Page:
The need for deer culling
For many people deer stalking is a recreational activity, but it is also necessary to protect agricultural crops and forestry and indeed, deer, since they are prolific breeders and, if numbers are allowed to increase unchecked, may become prey to starvation and disease.
The culling of deer should always take place as part of a deer management plan which considers both the welfare of the animals and the damage they may cause.
Wherever appropriate, the management plan should involve close liaison and co-operation between neighbouring landowners and stalkers.
Here, resident deer stalking expert Keith Watson gives us a few tips for the upcoming Fallow doe season.
– Resting the ground for a few weeks after the rut can work to your advantage.
– Shoot any weak looking followers/fawns of the year on site. If they look rough now, they will only get worse.
– Trail cameras can play a big part in learning the deer’s movements and do the work of ten men in a week.
– Now is the time to move those highseats from their summer Roe buck positions to their new winter locations.
– If your ground operates as a gameshoot, keep your eye on the shoots pheasant feeders and any feed rides, as these are sure to be paid a visit by the deer as the weather gets harder. Putting your own feed bins out can pay dividends, as long as you don’t abuse it and overshoot the spot (Fallow are not stupid and learn by association).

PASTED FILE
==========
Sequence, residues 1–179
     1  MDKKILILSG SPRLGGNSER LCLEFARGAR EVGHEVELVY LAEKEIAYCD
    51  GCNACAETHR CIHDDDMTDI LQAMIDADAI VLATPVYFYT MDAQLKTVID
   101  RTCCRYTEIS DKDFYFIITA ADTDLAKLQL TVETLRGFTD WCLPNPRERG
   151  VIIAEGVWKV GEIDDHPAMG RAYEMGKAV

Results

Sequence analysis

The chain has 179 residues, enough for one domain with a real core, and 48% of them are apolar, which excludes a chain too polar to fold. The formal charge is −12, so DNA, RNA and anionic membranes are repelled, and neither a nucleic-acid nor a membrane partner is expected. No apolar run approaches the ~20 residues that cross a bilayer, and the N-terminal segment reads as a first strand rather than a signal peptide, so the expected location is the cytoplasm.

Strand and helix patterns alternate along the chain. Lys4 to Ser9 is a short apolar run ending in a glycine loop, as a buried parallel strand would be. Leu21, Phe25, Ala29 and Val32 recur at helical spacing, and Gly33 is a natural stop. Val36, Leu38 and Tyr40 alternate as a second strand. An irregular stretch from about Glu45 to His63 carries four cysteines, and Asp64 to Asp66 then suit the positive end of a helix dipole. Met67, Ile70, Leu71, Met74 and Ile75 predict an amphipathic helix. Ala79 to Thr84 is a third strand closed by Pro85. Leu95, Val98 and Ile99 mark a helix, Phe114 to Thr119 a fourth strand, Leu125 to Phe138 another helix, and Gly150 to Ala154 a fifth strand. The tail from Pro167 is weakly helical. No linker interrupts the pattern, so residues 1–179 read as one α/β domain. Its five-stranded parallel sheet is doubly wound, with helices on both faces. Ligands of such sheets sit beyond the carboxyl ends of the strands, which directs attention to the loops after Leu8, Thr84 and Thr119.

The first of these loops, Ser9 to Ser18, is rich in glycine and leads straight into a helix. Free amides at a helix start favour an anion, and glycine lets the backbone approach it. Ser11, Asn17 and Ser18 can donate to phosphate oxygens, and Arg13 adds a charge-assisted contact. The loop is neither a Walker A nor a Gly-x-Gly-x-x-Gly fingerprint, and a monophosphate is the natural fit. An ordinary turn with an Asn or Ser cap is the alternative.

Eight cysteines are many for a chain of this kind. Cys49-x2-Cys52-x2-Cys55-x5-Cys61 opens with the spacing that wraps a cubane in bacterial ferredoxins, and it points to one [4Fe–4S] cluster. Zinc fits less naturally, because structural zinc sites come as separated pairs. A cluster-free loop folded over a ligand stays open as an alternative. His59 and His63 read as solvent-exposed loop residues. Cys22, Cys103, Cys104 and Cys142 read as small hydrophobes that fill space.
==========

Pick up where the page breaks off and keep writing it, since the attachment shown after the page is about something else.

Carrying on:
– With Fallow deer being exceptionally transient, it pays to be friendly with your neighbour and their game shooting dates. I have experienced a few red-letter days when the deer have been pushed on my ground by the neighbouring shoot.
– If you have a cull target to reach, pursuing Fallow single-handed can be an arduous, thankless task. Organising days with friends or fellow stalkers can pay dividends. Bums on seats will definitely fill those gambrels rather than the lone approach at times.
– Know your gamekeepers schedule (routes and times). What you need to know is whether the deer treat him as friend or foe. If it’s the latter, you’ll find your Fallow deer will potentially exit the wood in the same place and that’s where you need to be.
– If you can get permission from your landowner to do some lamping/fox work, this can work in your favour, helping to work out population and densities, as you are sure to see many deer going about their midnight maneuvers (but remember this is only for observation, as it is illegal to shoot deer under the lamp).
– When it comes to deciding what to shoot regarding Fallow deer, I am of the opinion that unless you are operating on a piece of ground of at least 8 – 12,000 acres, then any management plans that you try to enforce will be quickly undone by your neighbour. So realistically, Fallow stalking is about controlling numbers in order to keep the population healthy and in-line with all other land use. My advice with any cull is to always shoot more does than bucks. But sometimes you have to cut your stick when you see it!
To book a stalk with Keith, or to see any of his bespoke stalking products for sale, visit www.keithshighseats.co.uk